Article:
• The Fifth Column is the name of a political and media gossip page in Ireland's Sunday Independent. The page is currently edited by Liam Collins, the paper's news editor.
  • The Agatha Christie book 'N or M' centres around married couple Tommy and Tuppence going undercover and trying to unmask two 'Fifth Column' operatives - N and M.
  • The official AFI street team is called the 5th Column.
  • A Canadian all-girl Experimental Punk band named Fifth Column
  • A Dutch Post-Hardcore/Rock/Alternative band.
  • "The Fifth Column" is the title of episode 2.35 of the military science fiction series Exosquad.

V is a science fiction TV franchise created by American producer and director Kenneth Johnson concerning aliens known as The Visitors trying to take over Earth. ... // The Fifth Column Alliance was originally a holdover of the original Visitor republican-type government that survived the Leaders coup and attempted to retake control. ... Theodor Seuss Geisel (March 2, 1904 – September 24, 1991) was an American writer and cartoonist best known for his classic childrens books under the pen name Dr. Seuss, including The Cat in the Hat, Green Eggs and Ham, How the Grinch Stole Christmas and One Fish Two Fish Red... Paragon City, the City of Heroes setting place, and the Rogue Isles, the City of Villains locale, are full of organizations that players must confront. ... City of Heroes (CoH) is a massively multiplayer online role-playing computer game based on the superhero comic book genre, developed by Cryptic Studios and published by NCsoft. ... The National Socialist German Workers Party, (German: , or NSDAP, commonly known as the Nazi Party), was a political party in Germany between 1919 and 1945. ... Paragon City, the City of Heroes setting place, and the Rogue Isles, the City of Villains locale, are full of organizations that players must confront. ... The Fascist National Party (Partito Nazionale Fascista; PNF) was an Italian party, created by Benito Mussolini as the political expression of Fascism (previously represented by groups known as Fasci; see also Italian fascism). ... The massively multiplayer online role-playing computer games City of Heroes and City of Villains are continually being expanded by the games developers. ... For other uses, see Fifth Column (disambiguation). ... The Sunday Independent is a broadsheet Sunday newspaper published in the Republic of Ireland by Independent News and Media plc. ... AFI, in recent years short for A Fire Inside, is an American band from Ukiah, California. ... A street team is an organization called upon to advertise and promote an event or a product. ... All-women bands and Girl bands are musical groups in which women sing and play all the instruments. ... Fifth Column, from left to right: Caroline Azar, G.B. Jones, Beverly Breckenridge. ... The following is an episode list for the animated television series Exosquad produced by Universal Cartoon Studios and Will Meugniot. ... Starship Troopers by Robert A. Heinlein is a well-known example of military science fiction. ... Phaeton, leader of the Neosapiens Exosquad was a science fiction cartoon that ran on the USA network and Fox from September 1993 to May 1995. ...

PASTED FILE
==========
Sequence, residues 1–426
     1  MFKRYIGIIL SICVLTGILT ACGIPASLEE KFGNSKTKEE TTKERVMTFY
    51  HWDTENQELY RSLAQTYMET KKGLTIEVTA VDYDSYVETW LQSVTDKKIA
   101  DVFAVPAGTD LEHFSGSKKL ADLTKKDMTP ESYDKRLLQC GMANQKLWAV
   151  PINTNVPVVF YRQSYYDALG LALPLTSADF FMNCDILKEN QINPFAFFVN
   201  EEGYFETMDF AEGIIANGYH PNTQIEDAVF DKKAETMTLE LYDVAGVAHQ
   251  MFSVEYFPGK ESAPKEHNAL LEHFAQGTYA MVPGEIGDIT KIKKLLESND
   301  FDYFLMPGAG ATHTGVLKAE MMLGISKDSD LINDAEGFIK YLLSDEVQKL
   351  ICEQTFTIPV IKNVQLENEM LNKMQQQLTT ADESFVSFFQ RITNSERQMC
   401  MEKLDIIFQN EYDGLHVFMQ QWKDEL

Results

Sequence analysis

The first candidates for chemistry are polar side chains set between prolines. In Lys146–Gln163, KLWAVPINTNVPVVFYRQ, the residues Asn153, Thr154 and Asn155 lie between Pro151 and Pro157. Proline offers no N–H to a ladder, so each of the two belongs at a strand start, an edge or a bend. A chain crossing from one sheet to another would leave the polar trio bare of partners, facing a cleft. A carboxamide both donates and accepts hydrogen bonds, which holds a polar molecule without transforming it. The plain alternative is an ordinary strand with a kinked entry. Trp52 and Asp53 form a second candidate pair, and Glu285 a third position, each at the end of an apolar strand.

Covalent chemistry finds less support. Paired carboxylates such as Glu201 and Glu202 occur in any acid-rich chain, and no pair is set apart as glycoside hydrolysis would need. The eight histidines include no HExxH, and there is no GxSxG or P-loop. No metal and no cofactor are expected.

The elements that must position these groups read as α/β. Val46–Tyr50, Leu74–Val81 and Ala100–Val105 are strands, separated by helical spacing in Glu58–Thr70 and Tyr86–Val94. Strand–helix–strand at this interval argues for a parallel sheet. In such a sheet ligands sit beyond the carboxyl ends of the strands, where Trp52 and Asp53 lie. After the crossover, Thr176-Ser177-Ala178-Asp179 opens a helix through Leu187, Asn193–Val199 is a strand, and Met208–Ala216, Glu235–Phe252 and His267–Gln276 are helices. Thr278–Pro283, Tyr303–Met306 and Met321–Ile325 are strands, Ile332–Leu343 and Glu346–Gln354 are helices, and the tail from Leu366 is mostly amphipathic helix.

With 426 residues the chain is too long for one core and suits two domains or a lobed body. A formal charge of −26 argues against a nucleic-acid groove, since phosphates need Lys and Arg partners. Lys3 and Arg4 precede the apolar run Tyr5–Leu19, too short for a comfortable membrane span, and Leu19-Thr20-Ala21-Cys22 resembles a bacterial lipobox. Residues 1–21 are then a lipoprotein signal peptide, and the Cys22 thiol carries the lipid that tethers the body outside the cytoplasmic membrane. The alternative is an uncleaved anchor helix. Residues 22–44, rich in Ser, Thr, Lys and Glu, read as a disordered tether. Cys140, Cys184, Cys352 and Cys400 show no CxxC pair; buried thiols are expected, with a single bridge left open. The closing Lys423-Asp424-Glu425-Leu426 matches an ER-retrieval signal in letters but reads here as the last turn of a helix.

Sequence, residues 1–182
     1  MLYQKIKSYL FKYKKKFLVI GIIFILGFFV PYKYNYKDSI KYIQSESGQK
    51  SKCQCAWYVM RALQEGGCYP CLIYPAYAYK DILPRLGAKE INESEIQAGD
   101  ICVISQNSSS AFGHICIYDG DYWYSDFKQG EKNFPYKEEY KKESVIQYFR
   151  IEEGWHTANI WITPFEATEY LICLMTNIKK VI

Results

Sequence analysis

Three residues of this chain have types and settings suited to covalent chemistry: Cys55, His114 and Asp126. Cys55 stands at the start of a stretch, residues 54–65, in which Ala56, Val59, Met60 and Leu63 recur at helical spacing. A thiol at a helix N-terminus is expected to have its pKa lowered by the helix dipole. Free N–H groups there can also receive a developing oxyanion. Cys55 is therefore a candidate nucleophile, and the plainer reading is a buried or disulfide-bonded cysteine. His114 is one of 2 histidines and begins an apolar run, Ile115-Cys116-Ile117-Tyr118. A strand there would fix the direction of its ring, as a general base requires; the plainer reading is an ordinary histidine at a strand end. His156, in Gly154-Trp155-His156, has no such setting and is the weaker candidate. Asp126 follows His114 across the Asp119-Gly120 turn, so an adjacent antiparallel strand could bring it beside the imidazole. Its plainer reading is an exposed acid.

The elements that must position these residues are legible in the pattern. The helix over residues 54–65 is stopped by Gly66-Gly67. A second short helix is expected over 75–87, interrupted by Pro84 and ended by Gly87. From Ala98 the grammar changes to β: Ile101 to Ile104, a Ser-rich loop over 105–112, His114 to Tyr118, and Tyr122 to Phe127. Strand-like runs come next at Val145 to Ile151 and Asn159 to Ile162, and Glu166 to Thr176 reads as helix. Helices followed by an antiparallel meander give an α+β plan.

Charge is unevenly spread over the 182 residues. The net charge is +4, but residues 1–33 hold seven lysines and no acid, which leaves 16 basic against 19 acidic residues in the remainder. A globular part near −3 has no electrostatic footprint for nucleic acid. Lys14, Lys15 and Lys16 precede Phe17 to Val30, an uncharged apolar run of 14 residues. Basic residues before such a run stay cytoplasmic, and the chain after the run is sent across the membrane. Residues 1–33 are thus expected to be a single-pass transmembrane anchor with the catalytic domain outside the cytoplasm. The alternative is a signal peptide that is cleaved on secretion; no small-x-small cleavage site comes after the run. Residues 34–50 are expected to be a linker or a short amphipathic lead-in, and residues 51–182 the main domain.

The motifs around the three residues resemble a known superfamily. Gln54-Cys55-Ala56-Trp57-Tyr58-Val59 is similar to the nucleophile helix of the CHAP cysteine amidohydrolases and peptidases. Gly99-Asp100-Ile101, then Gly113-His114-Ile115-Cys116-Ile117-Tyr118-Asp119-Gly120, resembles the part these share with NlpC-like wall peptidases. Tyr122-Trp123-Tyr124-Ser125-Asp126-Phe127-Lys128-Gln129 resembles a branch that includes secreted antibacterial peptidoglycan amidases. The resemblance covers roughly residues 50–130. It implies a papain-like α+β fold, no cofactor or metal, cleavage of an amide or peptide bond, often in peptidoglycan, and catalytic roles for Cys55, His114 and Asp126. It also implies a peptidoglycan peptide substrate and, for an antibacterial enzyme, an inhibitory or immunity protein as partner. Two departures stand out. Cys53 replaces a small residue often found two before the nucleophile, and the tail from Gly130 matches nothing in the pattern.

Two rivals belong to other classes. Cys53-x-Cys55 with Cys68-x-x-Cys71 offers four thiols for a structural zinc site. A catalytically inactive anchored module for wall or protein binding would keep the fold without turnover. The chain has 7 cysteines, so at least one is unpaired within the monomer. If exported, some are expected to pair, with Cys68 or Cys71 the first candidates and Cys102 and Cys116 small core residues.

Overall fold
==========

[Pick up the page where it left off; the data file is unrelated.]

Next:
See also

Quisling, after Norwegian fascist politician Vidkun Quisling, is a term used to describe traitors and collaborationists. ... Sixth Column, also published under the title The Day After Tomorrow, is a science fiction novel by Robert A. Heinlein, set in a United States that has been conquered by a foreign invader. ... Eurabia is a neologism that denotes a scenario where Europe allies itself to and eventually merges with the Arab world. ...

Sources

  • "The German Fifth Column in Poland" London: Polish Ministry of Info, 1941
  • "Fifth Column at Work" by Bohumil Bilek, description of German minority in Czechoslovakia, London, Trinity, 1945.
  • "The German Fifth Column in the Second World War" Jong, Louis de New York Fertig, 1973
  • "The Fifth Column, and Four Stories of the Spanish Civil War" New York Scribner, 1969
  • Dr. Seuss Goes to War: The World War II Editorial Cartoons of Theodor Seuss Geisel, a selection with commentary by Richard Minnear (New Press, 2001; ISBN 1-56584-704-0).

References

  1. ^ Martin, Terry (1998). The Origins of Soviet Ethnic Cleansing. The Journal of Modern History 70 (4), 813-861.
  2. ^ "North Koreans in Japan have long been vilified as a communist fifth column" (Hans Greimel, "Test sparks N. Korea Backlash in Japan", Associated Press dispach, October 24, 2006 [1])
  3. ^ http://www.moonbattery.com/archives/2007/01/fifth_column_ta_1.html

  Results from FactBites:
 
Fifth Column Artist Development | Independent Marketing (760 words)
Fifth Column is an artist development company based in Austin, TX.
Fifth Column is working to build a reputation for finding great bands and artists.
Fifth Column is vested in the ongoing success of the band/artist, and in return the band/artist gets the full benefit of working with Fifth Column - major-label level marketing, art design, street team and retail maintenance, and PR services, among other things.
Fifth column - Wikipedia, the free encyclopedia (479 words)
A fifth column is a group of people which clandestinely undermines a larger group to which it is expected to be loyal, such as a nation.
As four of his army columns moved on Madrid, the general referred to his militant supporters within the capital as his "fifth column," intent on undermining the Republican government from within (see also Siege of Madrid (1936-39)).
The French Underground is a particularly well-known fifth column.